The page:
“I believe in the free flow of information,” Obama said last month, in announcing his new policy. “I’ve authorized increased telecommunications connections between the United States and Cuba. Businesses will be able to sell goods that enable Cubans to communicate with the United States and other countries.”

Following up on that announcement, the Treasury Department this month updated regulations to authorize exports of some communications devices into Cuba without a license, including computers, cellphones and digital cameras. It also authorized telecom companies to build infrastructure and run Internet connections between Cuba and the U.S. or another country, as well as allowed Web companies such as social networking sites to operate in the country.

But not everyone is entirely clear just exactly what those rules mean.

For instance, phones and laptops clearly count as communications devices, but what about a speaker, which might complement those other devices? Would those qualify under the administration’s new licensing rules?

“It’s going to take a while to test those waters,” said Sage Chandler, the vice president of international trade at the Consumer Electronics Association. “We have to first make sure we understand the rules of the game.”

Those regulatory ambiguities have kept many lawyers tied up in phone calls and meetings in recent days.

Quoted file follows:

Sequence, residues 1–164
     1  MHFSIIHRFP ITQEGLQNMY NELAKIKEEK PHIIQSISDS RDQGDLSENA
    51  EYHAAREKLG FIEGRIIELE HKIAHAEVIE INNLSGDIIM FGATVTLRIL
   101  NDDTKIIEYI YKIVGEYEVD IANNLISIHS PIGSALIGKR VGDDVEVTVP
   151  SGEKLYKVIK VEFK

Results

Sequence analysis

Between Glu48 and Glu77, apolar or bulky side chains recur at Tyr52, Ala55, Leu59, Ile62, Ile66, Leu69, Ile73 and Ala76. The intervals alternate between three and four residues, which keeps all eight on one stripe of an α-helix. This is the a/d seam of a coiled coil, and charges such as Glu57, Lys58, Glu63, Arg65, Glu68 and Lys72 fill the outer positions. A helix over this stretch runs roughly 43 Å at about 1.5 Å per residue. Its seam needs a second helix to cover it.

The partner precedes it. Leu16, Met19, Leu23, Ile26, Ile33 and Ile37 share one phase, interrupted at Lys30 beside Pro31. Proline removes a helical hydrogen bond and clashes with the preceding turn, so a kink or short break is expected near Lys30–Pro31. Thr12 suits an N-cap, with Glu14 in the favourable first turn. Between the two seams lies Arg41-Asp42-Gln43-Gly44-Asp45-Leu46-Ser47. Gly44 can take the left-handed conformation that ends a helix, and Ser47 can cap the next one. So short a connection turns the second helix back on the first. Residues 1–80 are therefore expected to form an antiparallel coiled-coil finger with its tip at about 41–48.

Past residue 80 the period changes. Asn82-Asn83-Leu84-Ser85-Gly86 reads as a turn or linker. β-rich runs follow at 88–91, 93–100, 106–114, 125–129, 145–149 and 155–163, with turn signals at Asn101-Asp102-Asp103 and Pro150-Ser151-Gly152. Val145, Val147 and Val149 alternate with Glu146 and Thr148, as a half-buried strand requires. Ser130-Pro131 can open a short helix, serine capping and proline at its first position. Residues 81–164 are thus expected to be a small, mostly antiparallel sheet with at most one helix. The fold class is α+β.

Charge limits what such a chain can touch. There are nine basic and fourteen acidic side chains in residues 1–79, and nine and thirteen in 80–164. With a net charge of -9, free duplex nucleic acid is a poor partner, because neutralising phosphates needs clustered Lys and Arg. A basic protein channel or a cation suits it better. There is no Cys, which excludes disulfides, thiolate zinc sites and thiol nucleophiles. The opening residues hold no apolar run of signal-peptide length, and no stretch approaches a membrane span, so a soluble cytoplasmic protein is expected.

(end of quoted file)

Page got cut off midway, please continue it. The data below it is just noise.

“The phones are ringing off the hook with people that want to talk about the issue and understand the situation,” said Jack Nadler, a partner at Squire Patton Boggs who has worked on opening up telecommunications markets from Hungary to Myanmar.

The new rules are also just the first step in a much longer legal process that is rife with potential obstacles.

For one, many companies would like to see the Obama administration take Cuba off the list of state sponsors of terror, a distinction it shares with Iran, Sudan and Syria. Countries on the list are subject to special sanctions and exports are put under extra scrutiny.

To roll back the full embargo would take an act of Congress. So would authorizing the Export-Import Bank — an institution many Republicans have long been leery of — to facilitate American companies’ dealings with Cuba.

Key Republican lawmakers have already objected to the Obama administration’s move, which could result in a protracted battle in months to come. That’s not likely to inspire much confidence in company boardrooms.

“Imagine you’re AT&T and Verizon, and you’re sitting there saying: ‘Huh, do I want to lay cable in Cuba?’” said Belcher, the telecom industry group head. “I could start, then the House could pass legislation ... to prevent us from normalizing relations, and then I’ve just made a pretty big investment that I’m not going to get the benefit from.”